Glossary definition of 'Super Noise Shaping'(SNS) A family of noise shaping algorithms that can operate at sample rates between 44.1 kHz and 192 kHz and is used to reduce longer word lengths to standard 16 bits, while retaining a high degree of perceived dynamic efficiency and very low noise.
SNS offers four different algorithms which increase the degree of shaping. SNS spectra are adjusted automatically to provide optimum subjective advantage at each different sample rate. The four SNS algorithms are designated SNS1 to SNS4, in increasing order of the degree of shaping. The spectra of the four SNS algorithms are shown below. Note that, unlike some noise shaping algorithms, SNS spectra are adjusted automatically to provide optimum subjective advantage at each different sample rate and wordlength. The spectra are shown below for 16-bit output, at 44.1kHz, 48kHz and 96kHz sample rates only.
SNS1 provides only a very small subjective noise advantage, but only applies limited noise-lift at quite high frequencies. In many applications (particularly those where the program material is already quite noisy) this type of shaper is very often preferred.
SNS2 is a happy medium. It provides a good amount of subjective lowering of the noise floor, but with addition of only moderate amounts of high-frequency noise. It also has the advantage that the noise floor remains subjectively white, even when artificially amplified.
SNS3 and SNS4 are ‘optimal’ shaper designs – their shaping is quite extreme in order to get the maximum theoretical subjective improvement in noise performance based on an average human low-field sensitivity curve. This results in the addition of larger amounts of high frequency noise.
It is difficult to assess the difference in sound between different noise shapers for any given program material, since their effects are at very low amplitudes (the 0dB line on the plots below represents flat dither with an RMS noise amplitude of about –93.4dBFS). It is tempting to audition noise shapers by using a low signal level and boosting the shaper output by tens of dBs in the digital domain prior to monitoring (using, for example, the ‘microscope’ feature on Prism Sound test equipment). Using this method it is easy to hear that the noise floor of more extreme shapers is clearly not white – switching, say, from SNS1 to SNS4 sounds like shhhhh..ssssss as the noise is shifted towards the higher frequencies. However, this is not really a meaningful test since the sensitivity of the ear at different frequencies is very dependent on level, and the design of the more extreme shapers is in any case intended to render the noise floor completely inaudible at normal listening levels. Ultimately, the only ‘right’ choice of noise shaper is the one which sounds best for the material.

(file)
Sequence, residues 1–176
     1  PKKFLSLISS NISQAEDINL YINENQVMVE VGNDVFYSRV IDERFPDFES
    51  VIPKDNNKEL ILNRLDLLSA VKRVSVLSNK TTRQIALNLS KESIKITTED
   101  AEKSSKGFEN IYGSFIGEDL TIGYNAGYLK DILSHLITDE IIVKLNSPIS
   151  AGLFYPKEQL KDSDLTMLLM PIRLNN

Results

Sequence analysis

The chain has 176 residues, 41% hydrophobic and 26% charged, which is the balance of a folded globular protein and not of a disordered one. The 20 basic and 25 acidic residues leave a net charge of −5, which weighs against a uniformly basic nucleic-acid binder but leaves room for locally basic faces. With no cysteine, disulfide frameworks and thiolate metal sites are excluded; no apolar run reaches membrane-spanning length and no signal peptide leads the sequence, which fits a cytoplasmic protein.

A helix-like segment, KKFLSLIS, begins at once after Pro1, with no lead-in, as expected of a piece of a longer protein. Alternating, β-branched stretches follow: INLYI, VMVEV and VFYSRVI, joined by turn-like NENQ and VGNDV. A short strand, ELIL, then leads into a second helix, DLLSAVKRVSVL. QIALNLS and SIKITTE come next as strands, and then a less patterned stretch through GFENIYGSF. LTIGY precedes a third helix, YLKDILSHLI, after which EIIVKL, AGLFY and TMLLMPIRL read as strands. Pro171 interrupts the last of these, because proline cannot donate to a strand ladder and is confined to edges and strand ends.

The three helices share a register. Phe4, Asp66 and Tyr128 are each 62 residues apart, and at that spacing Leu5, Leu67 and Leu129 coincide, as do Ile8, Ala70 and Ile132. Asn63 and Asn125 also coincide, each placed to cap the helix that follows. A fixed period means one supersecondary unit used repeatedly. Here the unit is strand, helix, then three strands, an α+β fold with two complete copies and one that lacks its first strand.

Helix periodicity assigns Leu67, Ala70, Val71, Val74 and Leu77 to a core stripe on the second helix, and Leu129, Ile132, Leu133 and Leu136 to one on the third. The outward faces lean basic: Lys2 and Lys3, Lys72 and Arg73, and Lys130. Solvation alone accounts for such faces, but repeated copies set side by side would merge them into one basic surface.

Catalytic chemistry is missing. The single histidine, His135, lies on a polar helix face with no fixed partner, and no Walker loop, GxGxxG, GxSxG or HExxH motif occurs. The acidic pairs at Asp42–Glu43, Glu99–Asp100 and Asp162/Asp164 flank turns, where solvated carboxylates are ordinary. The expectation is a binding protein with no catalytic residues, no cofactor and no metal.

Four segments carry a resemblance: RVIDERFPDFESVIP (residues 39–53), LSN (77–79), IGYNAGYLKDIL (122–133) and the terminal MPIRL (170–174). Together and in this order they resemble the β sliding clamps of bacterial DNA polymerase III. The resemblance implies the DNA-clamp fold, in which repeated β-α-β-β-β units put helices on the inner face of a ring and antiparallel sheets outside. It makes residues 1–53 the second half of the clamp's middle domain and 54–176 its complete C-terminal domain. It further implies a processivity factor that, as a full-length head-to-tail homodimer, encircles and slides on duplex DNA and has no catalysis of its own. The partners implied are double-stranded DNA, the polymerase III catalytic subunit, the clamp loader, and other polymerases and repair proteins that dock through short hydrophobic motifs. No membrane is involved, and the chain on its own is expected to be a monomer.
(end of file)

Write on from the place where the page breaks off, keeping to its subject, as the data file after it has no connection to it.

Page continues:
The Prism Sound SNS logo shown above is found on many of the world's finest CDs, and is recognised as a standard of technical excellence.